Smart businesses use social media to listen to their consumer marketplace in order to present themselves to their customers in innovative ways that will drive conversion rates through sales and creating brand loyalty. However, while social media interactions are in themselves simple, the process of building a social business involves a complex customer life cycle, often utilizing multiple sections of the business and requiring a flexible and responsive attitude to changes in technology and customer behavior. Your business needs to be social-media savvy in order to get customers engaged and keep them coming back to your brand.
Social commerce has five main stages which make up the life cycle of the social customer. The first stage is capture. This stage is not about conversions to sales. Instead, it is about generating new sales leads. This can be achieved in an almost limitless number of ways, but all of them boil down to getting and maintaining the attention of your target audience. For social businesses using e-marketing strategies, 75% of new leads are generated through social media platforms.
The second stage is education. This process begins inside first, and then progresses outside. Firstly, you need to establish what the core features and values of your brand are, and ensure that all of your communications adhere to and promote these. The type of social business you wish to be will heavily inform your social marketing strategy. Once you have established this, you need to find ways to communicate your brand to potential customers. For example, if you want to present your brand as young, vibrant and dynamic, you might make greater use of YouTube videos and channels to promote your products and services. If you want to raise awareness of your services as professional and customer-friendly, make sure that you have positive reviews on websites that you know your customers will use, such as Yelp.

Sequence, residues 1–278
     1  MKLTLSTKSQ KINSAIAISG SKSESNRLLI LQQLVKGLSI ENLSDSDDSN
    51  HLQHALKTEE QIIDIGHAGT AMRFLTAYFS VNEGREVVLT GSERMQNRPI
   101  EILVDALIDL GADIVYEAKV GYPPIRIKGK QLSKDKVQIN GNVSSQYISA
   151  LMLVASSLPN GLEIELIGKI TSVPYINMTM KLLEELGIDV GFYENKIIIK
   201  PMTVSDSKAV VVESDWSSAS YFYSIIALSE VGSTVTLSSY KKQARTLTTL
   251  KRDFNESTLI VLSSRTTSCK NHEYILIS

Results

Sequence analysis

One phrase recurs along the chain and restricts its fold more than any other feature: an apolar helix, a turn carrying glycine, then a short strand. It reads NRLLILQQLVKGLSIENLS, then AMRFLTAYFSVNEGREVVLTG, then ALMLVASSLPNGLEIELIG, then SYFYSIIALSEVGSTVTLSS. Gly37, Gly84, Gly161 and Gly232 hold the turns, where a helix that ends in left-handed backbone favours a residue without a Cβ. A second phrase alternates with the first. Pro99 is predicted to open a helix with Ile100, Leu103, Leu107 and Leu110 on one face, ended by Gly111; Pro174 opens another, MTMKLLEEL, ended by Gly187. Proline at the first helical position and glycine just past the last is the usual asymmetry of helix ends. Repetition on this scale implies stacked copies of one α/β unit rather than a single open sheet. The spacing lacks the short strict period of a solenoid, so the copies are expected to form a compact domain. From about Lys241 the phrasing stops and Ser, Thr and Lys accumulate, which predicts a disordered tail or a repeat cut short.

The third stage of the customer life cycle in social e-commerce is membership. Once you have engaged your customer and educated them about your brand and what it can offer them, you should encourage them to join a community of customers with whom they have something in common and provide them with compelling and relevant content to keep them coming back to your brand. This may take the form of forums on your business website, a regularly updated blog, email newsletters, Facebook updates. Constantly monitor and take into account feedback from your community so that it can inform your content creation strategies going forward, and respond rapidly to tides in customer opinion. A total revamp of your brand may seem like an extreme strategy, but the ephemeral nature of social media makes this more possible than you think, and may be key to keeping your customers engaged.
The fourth stage in the cycle is purchase. Once you have engaged your customers and got them to psychologically 'buy in' to your brand, the next stage is to convert this loyalty into sales. Make it as easy as possible for customers to purchase in the way that they choose, whether this is through Amazon, your company website, or a third party. Get customers who have purchased to post reviews, and share them across social media.
The final stage in the customer life cycle for your social e-business is sharing. This stage can't take place until the customer has been involved in the entire process outlined above. For example, customers posting reviews on TripAdvisor must have gone to the attraction, location or destination that they are reviewing. Make sure that the views your customers share are easy for other customers to find, by putting 'share to social network' buttons on all your media pages and incentivizing sharing through competitions and loyalty reward schemes.
Sam is a blogger and contributing writer for the digital marketing agency Quick Sprout where he works alongside Neil Patel.